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A Doctor Thinks We’ll Crack the Code to 120-Year Lifespans Within the Decade

A Doctor Thinks We’ll Crack the Code to 120-Year Lifespans Within the Decade

The secret to living a long and healthy life is just around the corner.

Dr. Ernst von Schwarz, a cardiologist, believes that living a full, healthy life to the age of 120 — and possibly even to 150 — is no longer a mere aspiration; it’s a plausible reality that could become achievable as early as this decade.

“I believe that we can create prolongation of life,” von Schwarz said. “And not just as bed-bound non-communicating individuals, but really as active individuals who can participate in social life, professional life and have a quality of life.”

The key lies in stem cell research.

“In the last few years, we have shifted from what we call reactive medicine to what we now call regenerative medicine using mainly stem cell therapies,” von Schwarz said. “Even though stem cells are not FDA-approved, that’s the future of medicine where we are able to repair damage. And by repairing damage, we can prolong life, or even reduce certain processes of aging.”

Stem cell therapy can address various health issues, von Schwarz explained, from repairing conditions such as arthritis to stimulating hair regrowth and even mending certain types of brain damage. Importantly, these treatments are minimally invasive, with no recovery time, making them a preferable alternative to surgery.

Stem cells, often called the body’s “master cells,” have the ability to transform into various types of tissues, including blood, skin and hair.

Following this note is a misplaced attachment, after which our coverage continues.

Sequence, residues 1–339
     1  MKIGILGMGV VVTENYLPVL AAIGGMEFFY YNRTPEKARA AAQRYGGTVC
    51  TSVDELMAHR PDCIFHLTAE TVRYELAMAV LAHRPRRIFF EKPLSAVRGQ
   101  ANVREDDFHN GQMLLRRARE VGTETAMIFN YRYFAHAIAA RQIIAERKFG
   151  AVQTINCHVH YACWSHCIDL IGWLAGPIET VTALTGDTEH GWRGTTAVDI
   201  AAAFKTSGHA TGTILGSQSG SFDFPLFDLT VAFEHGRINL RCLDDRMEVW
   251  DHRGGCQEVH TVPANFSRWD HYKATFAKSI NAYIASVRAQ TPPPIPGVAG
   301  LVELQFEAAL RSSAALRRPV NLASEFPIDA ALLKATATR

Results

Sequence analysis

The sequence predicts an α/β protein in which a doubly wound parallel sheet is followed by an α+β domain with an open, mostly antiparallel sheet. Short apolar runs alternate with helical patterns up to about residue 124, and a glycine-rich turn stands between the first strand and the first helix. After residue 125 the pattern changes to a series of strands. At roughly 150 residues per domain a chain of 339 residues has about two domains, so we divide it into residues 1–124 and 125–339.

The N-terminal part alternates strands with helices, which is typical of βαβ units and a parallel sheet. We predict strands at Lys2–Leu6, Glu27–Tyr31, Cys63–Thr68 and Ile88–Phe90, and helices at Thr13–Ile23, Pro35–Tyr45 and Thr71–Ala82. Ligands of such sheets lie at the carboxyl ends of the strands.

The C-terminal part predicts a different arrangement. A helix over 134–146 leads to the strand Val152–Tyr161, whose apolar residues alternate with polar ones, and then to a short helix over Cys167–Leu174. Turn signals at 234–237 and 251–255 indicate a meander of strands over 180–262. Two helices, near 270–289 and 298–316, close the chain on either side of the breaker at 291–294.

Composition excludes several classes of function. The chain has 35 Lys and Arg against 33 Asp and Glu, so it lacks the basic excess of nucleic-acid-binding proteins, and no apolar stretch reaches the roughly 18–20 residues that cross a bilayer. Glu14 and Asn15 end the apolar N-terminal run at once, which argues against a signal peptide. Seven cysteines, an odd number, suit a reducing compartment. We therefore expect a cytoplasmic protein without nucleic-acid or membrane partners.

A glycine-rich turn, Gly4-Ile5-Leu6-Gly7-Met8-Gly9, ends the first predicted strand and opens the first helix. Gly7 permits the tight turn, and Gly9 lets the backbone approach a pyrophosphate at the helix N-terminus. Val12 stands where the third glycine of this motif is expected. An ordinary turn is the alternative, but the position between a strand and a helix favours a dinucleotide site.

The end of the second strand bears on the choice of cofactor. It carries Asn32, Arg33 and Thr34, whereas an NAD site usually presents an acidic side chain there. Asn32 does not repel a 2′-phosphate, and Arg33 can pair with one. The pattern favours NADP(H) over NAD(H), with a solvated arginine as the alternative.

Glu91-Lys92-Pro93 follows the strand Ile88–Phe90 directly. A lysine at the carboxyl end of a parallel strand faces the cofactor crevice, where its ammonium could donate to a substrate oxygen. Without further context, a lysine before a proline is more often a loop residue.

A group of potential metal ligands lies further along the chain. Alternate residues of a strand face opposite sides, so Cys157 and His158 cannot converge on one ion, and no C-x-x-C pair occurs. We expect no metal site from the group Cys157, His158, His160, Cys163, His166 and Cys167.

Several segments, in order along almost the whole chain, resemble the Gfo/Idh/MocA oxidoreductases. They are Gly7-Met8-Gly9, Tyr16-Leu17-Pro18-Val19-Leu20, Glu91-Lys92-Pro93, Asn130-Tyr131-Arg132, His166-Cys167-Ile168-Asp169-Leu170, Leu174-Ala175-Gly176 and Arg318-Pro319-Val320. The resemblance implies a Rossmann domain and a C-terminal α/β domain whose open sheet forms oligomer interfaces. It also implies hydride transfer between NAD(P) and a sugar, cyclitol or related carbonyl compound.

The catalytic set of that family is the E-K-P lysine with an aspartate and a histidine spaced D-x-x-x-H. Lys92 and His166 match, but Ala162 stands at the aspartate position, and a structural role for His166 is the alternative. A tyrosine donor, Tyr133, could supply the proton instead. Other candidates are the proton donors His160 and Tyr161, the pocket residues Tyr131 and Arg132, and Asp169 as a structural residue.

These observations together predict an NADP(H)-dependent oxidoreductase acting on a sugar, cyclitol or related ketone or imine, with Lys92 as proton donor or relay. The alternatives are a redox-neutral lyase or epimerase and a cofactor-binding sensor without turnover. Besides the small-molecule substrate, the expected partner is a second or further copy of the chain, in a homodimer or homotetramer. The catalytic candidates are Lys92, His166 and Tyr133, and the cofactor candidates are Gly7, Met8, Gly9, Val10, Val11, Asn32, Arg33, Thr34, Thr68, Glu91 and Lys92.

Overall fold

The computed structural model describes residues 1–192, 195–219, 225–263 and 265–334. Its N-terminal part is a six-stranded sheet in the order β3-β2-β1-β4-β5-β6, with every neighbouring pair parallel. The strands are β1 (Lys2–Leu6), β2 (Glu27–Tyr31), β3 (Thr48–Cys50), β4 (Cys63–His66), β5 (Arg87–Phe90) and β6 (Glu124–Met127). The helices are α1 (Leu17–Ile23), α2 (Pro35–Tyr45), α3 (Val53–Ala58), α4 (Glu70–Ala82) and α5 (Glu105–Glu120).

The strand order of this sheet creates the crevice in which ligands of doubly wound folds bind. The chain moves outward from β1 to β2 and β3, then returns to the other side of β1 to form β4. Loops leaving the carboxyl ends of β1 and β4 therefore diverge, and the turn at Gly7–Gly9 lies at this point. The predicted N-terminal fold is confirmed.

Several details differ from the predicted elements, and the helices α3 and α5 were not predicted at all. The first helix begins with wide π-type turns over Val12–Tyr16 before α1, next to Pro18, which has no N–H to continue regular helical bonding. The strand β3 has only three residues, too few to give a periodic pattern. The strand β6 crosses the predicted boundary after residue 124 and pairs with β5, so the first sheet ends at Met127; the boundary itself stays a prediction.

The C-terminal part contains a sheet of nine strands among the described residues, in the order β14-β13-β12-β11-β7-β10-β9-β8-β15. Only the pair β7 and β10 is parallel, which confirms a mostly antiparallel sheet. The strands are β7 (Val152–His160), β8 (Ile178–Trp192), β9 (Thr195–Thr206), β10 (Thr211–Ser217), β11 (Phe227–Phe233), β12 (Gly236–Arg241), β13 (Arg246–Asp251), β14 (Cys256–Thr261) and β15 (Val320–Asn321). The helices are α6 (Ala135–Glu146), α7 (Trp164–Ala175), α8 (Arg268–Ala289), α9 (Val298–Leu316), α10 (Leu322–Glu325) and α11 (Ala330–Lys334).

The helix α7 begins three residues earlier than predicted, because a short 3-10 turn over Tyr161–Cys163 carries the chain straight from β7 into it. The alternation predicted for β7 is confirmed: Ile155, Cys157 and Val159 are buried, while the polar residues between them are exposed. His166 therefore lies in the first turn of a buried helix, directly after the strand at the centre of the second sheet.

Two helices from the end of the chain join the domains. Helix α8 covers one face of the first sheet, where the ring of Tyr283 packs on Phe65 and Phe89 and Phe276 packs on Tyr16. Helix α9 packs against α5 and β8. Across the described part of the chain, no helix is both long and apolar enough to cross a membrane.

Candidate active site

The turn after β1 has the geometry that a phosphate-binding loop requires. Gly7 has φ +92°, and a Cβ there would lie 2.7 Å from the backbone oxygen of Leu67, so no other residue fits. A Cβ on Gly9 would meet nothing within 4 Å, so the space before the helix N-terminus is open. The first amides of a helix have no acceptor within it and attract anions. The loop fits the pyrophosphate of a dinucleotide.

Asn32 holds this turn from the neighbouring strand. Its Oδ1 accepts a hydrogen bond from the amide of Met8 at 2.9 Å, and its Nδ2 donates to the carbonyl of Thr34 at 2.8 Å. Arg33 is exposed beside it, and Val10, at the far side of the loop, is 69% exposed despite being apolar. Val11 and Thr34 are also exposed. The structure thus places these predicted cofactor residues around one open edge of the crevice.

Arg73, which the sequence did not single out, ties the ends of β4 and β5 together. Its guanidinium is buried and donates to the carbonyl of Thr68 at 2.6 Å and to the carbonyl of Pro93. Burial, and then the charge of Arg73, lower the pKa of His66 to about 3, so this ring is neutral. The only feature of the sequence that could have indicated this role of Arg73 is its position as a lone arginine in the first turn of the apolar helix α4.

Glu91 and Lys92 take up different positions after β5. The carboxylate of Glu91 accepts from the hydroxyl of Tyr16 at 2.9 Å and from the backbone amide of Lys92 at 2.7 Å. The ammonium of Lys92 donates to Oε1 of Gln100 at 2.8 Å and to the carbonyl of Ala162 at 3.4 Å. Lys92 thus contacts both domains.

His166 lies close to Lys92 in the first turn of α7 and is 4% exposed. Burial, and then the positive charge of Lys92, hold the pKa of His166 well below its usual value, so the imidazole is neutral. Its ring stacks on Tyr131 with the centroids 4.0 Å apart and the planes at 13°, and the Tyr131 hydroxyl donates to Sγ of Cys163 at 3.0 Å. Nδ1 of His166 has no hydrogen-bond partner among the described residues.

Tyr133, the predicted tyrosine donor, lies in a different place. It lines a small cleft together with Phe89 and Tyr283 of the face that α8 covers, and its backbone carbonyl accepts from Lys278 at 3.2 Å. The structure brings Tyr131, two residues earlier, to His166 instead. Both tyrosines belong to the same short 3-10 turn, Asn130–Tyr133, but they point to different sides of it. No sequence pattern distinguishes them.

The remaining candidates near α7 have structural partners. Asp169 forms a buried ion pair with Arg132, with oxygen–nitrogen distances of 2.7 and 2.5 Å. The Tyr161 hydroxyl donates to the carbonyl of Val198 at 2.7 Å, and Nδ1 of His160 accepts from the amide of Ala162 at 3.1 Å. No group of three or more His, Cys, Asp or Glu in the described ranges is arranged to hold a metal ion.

“Stem cell therapy is considered to be the most important discovery in modern medicine, likely bigger than the discovery of penicillin or the detection of the tuberculous bacteria,” von Schwarz wrote in his book.

However, there is the issue of gathering stem cells, which are salvaged from biological tissue.

“They come from donors, usually from placenta tissue, [umbilical] cord blood, and from what we call Wharton’s jelly,” von Schwarz said. “After birth, this material is usually discarded, and labs buy that material.”

They are not embryonic stem cells, however, which the doctor is quick to point out.

“That’s not allowed in this country,” he said. “And from an ethical and religious point of view, of course, I would never consider that.”

While numerous clinical trials are underway, the Food and Drug Administration (FDA) has so far approved only one stem cell therapy for blood cancer patients Still, von Schwarz is confident that future stem cell therapies will meet rigorous FDA standards.

“I don’t believe that we are destined to achieve immortality,” the doctor said. “I’m a strong believer that there has to be something after our earthly existence.

“I find it fascinating to come from a scientific viewpoint to address these issues,” he continued, explaining that the goal is not immortality but a healthy, prolonged life. “There are treatment options for conditions where even five years ago we thought there was nothing we could do. We want to increase health span, not just only numerical life.”

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